I went to my Grandfather's funeral when I was ten. I wasn't there when he died, and had never had anybody close to me die. I didn't know what to do, how to act, how to feel, and nobody would tell me. It was miserable.
I remember at one point, people got up to talk about him and such, and having no idea how these things worked, I was terrified somebody was going to call on me to go up and speak. I ran out of the room and hid under a table out in the hall, which got me in plenty of trouble. It was an awful experience.
I'm telling this story to make the point, that children have no idea how to handle these things, unless we teach them. As a parent myself now, I forget sometimes that kids don't know stuff. They don't have the benefit of our life experience. I sometimes look at my kids and think "why in the world would you do that, or think it's ok?". The answer is because they've never been in that situation before, and haven't been taught by me how to handle it.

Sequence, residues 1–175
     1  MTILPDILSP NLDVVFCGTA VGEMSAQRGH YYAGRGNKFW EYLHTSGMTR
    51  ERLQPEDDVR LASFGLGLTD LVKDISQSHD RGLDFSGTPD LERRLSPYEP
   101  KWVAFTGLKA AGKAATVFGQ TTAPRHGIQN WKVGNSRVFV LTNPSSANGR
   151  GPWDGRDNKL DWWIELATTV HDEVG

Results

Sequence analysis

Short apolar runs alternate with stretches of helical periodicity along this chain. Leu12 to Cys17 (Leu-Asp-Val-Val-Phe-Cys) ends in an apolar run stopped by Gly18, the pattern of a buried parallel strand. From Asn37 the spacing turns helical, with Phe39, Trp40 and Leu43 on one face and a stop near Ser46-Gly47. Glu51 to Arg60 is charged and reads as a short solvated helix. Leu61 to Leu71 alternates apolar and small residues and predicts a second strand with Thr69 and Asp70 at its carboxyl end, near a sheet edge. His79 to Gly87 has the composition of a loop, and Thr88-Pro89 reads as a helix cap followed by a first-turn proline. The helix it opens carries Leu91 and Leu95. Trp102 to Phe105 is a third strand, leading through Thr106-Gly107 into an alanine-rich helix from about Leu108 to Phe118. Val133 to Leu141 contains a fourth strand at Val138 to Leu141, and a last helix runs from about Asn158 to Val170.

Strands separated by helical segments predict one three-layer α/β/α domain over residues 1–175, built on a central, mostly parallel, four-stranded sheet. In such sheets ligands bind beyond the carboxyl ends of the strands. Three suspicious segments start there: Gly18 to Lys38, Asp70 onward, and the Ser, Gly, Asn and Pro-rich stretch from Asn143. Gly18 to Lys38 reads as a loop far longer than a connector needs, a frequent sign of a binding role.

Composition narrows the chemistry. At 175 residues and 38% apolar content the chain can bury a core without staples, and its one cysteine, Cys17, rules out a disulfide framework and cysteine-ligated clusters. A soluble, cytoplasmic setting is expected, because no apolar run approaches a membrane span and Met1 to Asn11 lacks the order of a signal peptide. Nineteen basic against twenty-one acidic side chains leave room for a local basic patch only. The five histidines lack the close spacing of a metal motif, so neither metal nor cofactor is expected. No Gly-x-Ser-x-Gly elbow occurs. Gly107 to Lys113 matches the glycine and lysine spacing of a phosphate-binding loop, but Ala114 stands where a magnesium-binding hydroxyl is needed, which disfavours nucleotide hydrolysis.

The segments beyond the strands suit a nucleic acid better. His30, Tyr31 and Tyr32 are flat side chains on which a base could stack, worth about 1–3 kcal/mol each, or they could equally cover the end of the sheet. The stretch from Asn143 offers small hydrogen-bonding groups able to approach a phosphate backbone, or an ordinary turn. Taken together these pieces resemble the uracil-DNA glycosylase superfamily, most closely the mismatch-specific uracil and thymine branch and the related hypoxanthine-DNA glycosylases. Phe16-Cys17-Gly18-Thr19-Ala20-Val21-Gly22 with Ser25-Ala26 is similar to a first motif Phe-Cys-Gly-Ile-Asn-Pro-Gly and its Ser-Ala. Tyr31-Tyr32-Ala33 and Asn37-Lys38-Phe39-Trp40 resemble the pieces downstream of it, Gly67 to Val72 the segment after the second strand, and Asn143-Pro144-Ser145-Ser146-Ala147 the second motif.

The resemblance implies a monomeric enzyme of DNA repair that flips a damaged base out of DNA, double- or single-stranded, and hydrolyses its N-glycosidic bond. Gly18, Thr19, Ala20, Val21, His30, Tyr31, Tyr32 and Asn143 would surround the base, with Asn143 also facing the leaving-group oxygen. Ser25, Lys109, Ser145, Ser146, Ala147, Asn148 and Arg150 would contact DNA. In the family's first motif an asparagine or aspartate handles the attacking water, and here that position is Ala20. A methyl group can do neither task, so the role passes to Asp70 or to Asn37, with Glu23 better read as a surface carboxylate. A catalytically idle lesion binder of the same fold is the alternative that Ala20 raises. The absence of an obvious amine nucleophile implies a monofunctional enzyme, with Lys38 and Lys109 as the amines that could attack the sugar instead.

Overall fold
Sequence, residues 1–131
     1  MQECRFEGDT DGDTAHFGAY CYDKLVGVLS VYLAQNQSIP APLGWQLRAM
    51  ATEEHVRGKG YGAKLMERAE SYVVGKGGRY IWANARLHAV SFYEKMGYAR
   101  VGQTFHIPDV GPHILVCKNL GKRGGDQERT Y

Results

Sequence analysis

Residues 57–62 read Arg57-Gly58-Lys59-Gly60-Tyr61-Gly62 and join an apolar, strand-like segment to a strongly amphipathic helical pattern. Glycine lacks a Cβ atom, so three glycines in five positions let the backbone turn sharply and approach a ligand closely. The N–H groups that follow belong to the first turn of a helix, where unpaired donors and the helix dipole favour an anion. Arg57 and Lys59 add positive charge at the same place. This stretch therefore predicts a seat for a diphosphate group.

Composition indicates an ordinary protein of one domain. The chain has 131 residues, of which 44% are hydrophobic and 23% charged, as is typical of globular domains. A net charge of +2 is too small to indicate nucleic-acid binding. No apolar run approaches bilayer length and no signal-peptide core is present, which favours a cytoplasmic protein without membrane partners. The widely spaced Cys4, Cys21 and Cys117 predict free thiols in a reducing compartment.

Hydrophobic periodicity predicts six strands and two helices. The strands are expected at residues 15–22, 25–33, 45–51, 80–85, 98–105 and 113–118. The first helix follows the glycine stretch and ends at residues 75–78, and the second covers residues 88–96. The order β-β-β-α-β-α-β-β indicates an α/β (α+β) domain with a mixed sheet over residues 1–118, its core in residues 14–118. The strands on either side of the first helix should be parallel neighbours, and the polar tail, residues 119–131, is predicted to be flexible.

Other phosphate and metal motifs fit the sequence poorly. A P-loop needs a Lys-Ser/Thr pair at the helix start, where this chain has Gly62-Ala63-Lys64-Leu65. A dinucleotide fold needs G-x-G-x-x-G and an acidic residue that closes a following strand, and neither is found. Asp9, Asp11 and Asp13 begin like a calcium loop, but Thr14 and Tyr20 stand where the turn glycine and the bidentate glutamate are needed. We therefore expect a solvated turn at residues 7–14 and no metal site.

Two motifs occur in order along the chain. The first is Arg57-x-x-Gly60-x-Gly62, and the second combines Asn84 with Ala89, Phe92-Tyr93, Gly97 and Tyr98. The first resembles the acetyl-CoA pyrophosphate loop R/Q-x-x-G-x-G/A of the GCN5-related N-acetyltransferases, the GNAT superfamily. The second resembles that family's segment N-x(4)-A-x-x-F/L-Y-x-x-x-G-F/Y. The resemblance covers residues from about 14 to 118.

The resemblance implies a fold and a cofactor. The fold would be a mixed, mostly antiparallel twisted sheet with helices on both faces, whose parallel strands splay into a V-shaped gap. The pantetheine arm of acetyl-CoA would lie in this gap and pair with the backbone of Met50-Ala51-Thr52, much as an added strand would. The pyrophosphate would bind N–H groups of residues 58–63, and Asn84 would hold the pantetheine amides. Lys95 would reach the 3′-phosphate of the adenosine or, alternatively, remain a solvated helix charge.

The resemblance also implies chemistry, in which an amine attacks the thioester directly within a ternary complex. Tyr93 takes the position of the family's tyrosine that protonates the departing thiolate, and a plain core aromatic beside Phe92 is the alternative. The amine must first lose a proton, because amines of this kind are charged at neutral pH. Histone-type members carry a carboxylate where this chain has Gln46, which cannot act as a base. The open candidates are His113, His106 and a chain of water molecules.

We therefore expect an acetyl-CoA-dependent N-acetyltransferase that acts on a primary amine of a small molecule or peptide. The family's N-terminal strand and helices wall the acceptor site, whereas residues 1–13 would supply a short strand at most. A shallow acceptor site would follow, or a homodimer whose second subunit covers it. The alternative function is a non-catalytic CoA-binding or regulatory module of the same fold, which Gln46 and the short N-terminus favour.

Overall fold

I've never shied away from death with them. I've never forced them to sit through it either. My oldest is twelve now. I think he's definitely old enough to deal with it, but I would not force him if he didn't want to. What I would do, is make sure my kids got to say their goodbyes. They would want that. They wouldn't have to say the actual words, but I would definitely make sure if their Grandmother were dying, that they went to see her one last time and spent some time with her, saids their "I love yous" etc. Without that closure for a kid, it feels too much like somebody they loved just kind of disappeared.
It's not a mini-van, it's a manly van, and it's awesome.